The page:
next up previous
Next: Handling Occlusions Up: Occlusion Understanding and Recovery Previous: Occlusion Understanding and Recovery


Range images are used in a wide range of applications. So far they have been used extensively in object recognition [10, 11], reverse engineering [2], and other applications, nearly all focusing on small and rather complex objects and scenes. While extending the use of range images to a whole environment rather than well-delimited objects (an important example of these applications is the CAMERA EU project [4]) new issues arose.

Occlusion is a major cause of information loss: even in moderately complicated scenes it is either impossible or impractical to obtain complete range scans [13]. On the other hand, an exhaustive description of the observed objects or environment is needed for some applications, like construction of a 3D model [4] and environment object recognition.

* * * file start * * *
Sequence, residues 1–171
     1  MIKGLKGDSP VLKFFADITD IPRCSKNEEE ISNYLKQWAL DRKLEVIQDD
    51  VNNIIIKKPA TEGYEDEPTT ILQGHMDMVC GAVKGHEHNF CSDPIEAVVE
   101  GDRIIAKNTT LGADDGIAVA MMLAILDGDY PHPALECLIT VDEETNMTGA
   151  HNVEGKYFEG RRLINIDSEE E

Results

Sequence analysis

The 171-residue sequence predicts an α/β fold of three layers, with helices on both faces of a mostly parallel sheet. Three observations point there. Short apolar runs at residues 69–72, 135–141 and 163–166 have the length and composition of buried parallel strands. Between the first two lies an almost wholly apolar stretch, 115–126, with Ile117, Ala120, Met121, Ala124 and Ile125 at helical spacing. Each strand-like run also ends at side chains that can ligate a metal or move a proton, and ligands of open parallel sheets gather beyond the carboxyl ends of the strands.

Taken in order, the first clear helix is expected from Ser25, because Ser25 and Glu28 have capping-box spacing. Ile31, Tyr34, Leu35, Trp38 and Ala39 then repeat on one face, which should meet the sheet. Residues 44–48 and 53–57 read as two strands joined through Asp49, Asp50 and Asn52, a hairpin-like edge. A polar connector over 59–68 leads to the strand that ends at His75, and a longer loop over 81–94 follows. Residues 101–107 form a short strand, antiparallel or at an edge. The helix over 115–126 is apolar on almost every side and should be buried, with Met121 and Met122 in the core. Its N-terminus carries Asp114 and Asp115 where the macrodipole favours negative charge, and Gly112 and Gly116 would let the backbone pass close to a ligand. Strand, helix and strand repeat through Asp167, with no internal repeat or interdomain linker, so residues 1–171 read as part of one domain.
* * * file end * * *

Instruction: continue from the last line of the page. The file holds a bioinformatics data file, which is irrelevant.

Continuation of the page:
The problem to solve is the reconstruction of partially occluded simple-shaped areas, like parts of a wall hidden behind furniture pieces, the corner area of a cupboard hidden by an open door, a collection of objects on a floor hiding each other, etc. Figure 1 shows the problem, i.e. a typical occlusion in range images.

Figure 1: The Occlusion Problem

Our solution is a procedure to fill in the gaps without performing extra scans. This procedure is termed reconstruction and is able to automatically infer the shape of the occluded areas by exploiting information from the surroundings.

There have been few attempts in the literature to reconstruct occluded surfaces [1], [6], [9]. They are mostly related to simplified occlusion cases. In fact, occlusion reconstruction remains a new and little explored research field. Despite this research many unsolved cases still remain (e.g. reconstruction of object back sides) and the current research state is still far away from a general solution to recover all occlusions.

Bob Fisher
Thu Jan 17 16:45:14 GMT 2002